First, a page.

Holland is flat, flat and low. Most of the land we were walking on today is below sea level, the water kept at bay by dykes and ditches. But today the element most on our minds was not water, but wind. We had to jag southwestwards in order to end up somewhere with accommodation, which took us straight into a headwind across some of the flattest, most exposed terrain that Holland can offer.
This morning we trekked across grey, wintry landscapes, huge vistas of grey clouds sweeping across the skies above us, while we passed humble, unadorned houses and smallholdings of goats, sheep, horses and hens – and even a few deer and rabbits. The terrain was bleak, and we just had to be grateful that it wasn’t raining, as the wind would have hurled the raindrops painfully into our faces. Settlements were few, and lunch was eaten quickly as we hunkered down in the one sheltered spot for miles around, in the lee of a park café closed for the winter.
This afternoon we had to cross a bridge across a dam, a huge feat of hydraulic engineering that left me feeling faintly scared of the gargantuan machinery, and the bridge seemed to go on forever – well, half an hour at least.
After a final stretch alongside a canal lined by leafless poplars we arrived at Goedereede, by far the prettiest place we had been since leaving Breille this morning. Narrow streets lined with old houses led us to our accommodation for the night – the Hotel de Gouden Leeuw, which we recognized by the eponymous golden lion projecting from its front wall.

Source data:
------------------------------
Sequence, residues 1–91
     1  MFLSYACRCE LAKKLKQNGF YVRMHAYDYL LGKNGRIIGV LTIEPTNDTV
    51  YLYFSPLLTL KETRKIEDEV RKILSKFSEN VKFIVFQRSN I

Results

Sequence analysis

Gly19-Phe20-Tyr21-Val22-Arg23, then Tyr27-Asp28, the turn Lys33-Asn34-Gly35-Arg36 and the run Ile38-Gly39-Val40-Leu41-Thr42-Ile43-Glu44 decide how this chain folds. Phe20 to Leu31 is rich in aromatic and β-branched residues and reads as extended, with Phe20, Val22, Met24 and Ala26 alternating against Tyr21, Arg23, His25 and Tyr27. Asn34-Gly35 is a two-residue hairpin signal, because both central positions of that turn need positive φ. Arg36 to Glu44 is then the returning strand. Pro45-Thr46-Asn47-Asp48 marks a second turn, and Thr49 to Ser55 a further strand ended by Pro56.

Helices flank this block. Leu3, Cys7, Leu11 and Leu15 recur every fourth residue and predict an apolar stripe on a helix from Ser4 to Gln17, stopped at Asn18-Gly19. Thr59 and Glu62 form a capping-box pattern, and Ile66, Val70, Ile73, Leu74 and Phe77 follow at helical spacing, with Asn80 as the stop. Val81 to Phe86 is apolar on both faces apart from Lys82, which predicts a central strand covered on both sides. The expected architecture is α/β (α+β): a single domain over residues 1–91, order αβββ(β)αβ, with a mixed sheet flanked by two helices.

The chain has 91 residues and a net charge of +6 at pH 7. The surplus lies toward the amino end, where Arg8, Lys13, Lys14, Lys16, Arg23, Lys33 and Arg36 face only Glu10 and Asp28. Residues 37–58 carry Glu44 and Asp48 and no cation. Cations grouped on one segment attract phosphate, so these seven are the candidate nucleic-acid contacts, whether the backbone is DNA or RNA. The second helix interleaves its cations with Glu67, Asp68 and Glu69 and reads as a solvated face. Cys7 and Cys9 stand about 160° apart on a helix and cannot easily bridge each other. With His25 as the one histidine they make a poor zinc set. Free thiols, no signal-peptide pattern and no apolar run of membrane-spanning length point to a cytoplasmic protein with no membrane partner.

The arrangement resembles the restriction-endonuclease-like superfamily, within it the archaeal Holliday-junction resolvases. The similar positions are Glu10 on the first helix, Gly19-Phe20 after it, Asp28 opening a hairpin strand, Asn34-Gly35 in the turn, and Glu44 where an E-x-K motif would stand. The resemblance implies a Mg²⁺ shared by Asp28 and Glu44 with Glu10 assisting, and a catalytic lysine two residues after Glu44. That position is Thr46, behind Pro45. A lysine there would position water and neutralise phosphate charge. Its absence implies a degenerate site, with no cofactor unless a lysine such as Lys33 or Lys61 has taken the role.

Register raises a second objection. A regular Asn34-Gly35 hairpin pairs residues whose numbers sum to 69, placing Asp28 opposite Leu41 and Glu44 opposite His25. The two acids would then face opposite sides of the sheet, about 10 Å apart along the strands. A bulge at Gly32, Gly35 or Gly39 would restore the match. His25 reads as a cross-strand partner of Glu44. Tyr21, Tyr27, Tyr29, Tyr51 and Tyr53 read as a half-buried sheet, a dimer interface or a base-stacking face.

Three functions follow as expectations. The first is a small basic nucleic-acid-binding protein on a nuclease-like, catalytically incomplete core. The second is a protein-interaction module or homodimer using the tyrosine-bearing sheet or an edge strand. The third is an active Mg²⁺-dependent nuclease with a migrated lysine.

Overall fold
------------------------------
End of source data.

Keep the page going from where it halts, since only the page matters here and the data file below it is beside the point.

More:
With relief we dived out of the wind and into its main hall, a double-height room with a minstrels’ gallery, beamed wooden ceiling, iron chandelier, black and white tiled floor, and wooden wainscoting topped by a shelf along which are arranged assorted antique bric-a-brac – paintings of local scenes, a model boat, old-fashioned hotirons, woodcarvings, and a few traditional Dutch tiles. A huge ceramic beer pump dominates the bar. Up the narrow tiled staircase my spartan but clean little room on the top floor has a glorious view across the red roofs of the old town, and I can hear the church clock chiming the quarter hours. I feel like I have walked straight out of the 21st century and into a Vermeer painting.
It’s not easy being green….
One of the challenges of this venture from Big Ben to Brussels has been how to reconcile priorities that occasionally conflict. This morning was a good example.
A few days ago the team was falling apart – physically, not figuratively, I mean. Between us we had a list of injuries including blisters, swollen knees, potential stress fractures of the foot, and a couple of dodgy Achilles tendons. As the instigator of this whole crazy enterprise I had to think hard about how best to keep the show on the road.